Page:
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15 January 2019

Fossil Discovery Suggests Ancient Whale Hunted Other Whales

An ancient whale that lived millions of years ago may have hunted the young of other whales.

Whale fossils discovered in Egypt’s whale valley in 2010 included those of an ancient whale, Basilosaurus, who lived around 35 million years ago. Up to 18 metres in length, these whales had a long snout and sharp teeth and were the largest whales in existence at the time. This area in Egypt was once a shallow sea and is famous for the wide array of whale fossils found there.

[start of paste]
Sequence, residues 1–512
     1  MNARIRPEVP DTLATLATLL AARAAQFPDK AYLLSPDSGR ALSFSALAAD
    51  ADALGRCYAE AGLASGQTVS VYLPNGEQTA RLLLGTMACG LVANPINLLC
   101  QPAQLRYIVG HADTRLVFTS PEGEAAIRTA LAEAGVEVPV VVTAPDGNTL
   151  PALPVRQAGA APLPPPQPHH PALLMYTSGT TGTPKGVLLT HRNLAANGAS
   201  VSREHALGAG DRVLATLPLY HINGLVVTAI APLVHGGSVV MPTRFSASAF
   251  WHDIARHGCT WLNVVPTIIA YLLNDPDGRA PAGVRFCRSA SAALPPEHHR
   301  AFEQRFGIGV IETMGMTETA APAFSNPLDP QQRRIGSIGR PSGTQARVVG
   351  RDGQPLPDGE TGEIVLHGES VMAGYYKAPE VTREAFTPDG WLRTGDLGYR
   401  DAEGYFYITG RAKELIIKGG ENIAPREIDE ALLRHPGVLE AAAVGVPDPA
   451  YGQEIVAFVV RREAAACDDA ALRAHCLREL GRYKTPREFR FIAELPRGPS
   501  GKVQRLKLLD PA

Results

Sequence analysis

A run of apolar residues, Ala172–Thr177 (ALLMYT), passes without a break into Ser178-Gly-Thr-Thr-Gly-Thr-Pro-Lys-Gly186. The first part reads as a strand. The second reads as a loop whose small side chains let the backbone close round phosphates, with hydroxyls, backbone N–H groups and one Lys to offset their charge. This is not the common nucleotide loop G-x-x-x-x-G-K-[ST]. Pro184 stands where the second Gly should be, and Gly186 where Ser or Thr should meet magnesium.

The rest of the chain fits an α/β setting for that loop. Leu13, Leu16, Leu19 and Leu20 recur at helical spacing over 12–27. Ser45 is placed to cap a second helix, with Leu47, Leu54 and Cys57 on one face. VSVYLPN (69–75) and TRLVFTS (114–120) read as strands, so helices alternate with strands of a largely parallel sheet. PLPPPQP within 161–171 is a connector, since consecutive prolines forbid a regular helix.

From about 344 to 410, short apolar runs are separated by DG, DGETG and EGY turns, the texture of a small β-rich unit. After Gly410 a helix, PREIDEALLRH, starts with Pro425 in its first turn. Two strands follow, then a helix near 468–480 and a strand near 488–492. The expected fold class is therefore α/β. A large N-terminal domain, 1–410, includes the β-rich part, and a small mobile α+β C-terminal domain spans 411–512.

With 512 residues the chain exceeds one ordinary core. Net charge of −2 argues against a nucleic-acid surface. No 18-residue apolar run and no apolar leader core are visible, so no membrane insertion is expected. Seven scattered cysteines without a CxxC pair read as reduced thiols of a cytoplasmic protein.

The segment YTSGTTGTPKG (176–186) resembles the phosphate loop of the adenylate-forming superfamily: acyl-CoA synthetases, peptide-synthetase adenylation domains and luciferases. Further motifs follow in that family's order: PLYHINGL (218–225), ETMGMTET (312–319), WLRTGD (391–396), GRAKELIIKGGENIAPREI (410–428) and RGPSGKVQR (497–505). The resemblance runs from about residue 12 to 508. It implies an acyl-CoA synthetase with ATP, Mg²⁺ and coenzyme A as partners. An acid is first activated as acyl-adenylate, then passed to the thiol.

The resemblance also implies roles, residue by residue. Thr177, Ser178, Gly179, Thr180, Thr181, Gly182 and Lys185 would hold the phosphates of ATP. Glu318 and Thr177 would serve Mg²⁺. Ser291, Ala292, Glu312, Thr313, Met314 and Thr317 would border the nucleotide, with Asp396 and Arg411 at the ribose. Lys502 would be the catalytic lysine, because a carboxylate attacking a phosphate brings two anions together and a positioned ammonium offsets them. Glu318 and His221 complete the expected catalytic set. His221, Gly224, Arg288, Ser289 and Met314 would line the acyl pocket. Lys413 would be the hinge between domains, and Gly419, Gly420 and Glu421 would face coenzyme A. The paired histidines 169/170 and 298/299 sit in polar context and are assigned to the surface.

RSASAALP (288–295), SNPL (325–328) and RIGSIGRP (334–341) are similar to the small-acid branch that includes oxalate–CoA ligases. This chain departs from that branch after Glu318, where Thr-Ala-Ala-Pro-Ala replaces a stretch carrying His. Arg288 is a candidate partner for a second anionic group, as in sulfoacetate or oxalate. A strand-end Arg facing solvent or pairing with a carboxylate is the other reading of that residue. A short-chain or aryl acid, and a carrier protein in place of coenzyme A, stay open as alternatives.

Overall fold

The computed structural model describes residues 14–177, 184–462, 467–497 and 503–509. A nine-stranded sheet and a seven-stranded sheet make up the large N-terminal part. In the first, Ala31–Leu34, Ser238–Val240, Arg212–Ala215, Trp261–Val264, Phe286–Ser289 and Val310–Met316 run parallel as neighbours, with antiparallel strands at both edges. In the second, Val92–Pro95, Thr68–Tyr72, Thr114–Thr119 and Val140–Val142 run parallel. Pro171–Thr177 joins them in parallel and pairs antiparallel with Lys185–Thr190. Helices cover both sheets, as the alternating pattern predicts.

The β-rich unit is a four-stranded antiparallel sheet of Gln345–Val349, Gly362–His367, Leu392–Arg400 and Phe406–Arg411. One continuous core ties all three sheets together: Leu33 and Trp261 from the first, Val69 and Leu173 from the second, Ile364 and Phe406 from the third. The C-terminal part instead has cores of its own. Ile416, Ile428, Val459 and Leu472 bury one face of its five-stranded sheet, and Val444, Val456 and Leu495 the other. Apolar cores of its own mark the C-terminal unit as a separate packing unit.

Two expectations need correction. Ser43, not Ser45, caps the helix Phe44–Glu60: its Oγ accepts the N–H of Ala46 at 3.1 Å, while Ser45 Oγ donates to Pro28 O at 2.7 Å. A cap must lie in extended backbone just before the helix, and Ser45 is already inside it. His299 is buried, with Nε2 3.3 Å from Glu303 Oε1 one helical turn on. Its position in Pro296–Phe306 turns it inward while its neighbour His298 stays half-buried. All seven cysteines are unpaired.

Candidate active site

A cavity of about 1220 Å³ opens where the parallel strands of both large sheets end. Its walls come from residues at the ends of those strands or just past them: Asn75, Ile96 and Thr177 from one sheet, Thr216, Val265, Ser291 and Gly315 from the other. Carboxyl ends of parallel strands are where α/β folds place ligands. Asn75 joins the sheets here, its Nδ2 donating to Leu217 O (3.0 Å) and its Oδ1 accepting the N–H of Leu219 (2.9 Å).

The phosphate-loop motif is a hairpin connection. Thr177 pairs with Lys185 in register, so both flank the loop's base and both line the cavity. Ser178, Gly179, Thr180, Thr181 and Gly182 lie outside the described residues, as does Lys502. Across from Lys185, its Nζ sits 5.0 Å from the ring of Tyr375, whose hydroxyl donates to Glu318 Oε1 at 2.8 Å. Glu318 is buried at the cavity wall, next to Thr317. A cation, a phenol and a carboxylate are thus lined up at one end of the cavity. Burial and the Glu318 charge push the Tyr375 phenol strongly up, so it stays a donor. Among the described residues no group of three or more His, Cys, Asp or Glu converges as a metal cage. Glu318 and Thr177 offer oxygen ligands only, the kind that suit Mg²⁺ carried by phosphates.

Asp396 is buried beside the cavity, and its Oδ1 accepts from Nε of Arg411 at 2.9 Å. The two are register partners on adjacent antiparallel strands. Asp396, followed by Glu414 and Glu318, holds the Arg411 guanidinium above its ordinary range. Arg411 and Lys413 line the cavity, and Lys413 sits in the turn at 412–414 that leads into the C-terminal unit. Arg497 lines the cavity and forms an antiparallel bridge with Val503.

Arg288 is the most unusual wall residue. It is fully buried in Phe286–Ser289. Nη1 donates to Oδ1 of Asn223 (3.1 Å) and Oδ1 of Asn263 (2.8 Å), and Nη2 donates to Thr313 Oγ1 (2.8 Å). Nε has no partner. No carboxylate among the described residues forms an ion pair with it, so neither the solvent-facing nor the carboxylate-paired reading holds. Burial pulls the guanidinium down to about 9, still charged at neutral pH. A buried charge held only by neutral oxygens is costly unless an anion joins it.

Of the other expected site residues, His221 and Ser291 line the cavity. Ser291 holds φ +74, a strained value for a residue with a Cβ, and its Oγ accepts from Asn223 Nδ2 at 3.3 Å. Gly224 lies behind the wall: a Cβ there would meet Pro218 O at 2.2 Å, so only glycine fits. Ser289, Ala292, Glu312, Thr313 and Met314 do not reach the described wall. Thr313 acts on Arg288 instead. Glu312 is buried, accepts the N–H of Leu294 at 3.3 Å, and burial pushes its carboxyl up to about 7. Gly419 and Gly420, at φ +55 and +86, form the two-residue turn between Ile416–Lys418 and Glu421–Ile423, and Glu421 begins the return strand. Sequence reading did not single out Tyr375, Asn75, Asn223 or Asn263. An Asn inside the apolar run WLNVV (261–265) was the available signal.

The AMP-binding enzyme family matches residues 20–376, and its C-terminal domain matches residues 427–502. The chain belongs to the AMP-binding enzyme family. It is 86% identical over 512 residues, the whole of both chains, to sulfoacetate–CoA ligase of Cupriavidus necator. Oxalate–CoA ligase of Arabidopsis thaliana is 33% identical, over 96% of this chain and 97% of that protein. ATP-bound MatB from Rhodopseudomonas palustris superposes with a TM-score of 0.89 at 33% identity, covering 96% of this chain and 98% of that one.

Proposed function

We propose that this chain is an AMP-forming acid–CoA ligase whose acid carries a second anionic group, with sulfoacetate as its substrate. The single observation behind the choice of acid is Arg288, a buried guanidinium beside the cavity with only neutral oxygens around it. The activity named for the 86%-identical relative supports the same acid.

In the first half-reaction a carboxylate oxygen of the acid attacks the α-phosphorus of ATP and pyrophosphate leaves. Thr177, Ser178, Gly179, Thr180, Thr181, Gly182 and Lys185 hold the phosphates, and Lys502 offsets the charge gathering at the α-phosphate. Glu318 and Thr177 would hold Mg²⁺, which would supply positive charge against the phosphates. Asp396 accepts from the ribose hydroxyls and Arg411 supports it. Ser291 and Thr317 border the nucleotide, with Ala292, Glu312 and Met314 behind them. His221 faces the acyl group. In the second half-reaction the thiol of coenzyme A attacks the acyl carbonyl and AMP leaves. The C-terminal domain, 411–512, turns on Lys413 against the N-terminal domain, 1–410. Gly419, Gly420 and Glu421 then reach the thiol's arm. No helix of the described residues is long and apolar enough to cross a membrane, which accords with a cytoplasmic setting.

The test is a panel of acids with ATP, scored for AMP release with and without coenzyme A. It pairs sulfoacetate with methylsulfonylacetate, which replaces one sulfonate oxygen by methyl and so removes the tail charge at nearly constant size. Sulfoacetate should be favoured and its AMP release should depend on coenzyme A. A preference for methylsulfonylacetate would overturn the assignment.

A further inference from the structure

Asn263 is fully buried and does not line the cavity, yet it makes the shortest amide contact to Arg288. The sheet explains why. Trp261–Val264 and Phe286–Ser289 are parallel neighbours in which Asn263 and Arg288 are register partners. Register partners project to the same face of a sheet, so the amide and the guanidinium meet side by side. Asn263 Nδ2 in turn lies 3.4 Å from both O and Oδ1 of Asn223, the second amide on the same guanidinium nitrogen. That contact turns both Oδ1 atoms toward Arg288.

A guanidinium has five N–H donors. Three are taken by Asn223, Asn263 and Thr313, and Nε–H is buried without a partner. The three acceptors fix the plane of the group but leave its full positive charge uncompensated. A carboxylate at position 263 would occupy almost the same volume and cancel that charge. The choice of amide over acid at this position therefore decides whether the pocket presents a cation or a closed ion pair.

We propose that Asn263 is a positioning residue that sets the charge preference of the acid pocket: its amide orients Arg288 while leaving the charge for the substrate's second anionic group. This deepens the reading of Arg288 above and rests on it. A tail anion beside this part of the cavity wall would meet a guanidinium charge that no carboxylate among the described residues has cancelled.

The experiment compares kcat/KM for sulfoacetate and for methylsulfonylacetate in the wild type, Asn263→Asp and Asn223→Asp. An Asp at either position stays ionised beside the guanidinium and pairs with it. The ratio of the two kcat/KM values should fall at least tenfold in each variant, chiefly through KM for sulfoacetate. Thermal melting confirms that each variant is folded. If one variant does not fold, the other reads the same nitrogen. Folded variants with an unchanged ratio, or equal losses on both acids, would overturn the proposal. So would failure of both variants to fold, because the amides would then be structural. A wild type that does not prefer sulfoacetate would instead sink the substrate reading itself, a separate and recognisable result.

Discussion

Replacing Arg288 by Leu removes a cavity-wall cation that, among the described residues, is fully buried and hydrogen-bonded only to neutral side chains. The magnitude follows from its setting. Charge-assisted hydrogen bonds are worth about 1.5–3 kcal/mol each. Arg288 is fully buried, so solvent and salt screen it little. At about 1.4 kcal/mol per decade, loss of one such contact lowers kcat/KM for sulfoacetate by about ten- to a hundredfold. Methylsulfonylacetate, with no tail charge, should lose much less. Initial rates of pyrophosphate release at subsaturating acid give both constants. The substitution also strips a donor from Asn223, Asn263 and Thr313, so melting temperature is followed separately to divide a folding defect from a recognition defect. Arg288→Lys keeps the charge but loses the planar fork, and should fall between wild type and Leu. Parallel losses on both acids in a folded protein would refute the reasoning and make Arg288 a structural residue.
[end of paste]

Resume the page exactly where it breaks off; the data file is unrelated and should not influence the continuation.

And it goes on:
Along with the remains of various sharks and fish found near the Basilosauris fossils were the fossil bones of smaller ancient whales called Dorudon atrox. Many of the Dorudon fossils were from younger whales suggesting the area may have been used as a calving area. Skulls of some of the Dorudon whale fossils showed signs of bite marks indicating the younger ones were a likely prey for Basilosaurus. 

In modern whales, some types of orcas and false killer whales are known to prey on other whale and dolphin species.

 Fossil of ancient whales


The large skeleton of Basilosaurus (A) and the much smaller Dorudon (B) 

© Voss et al.

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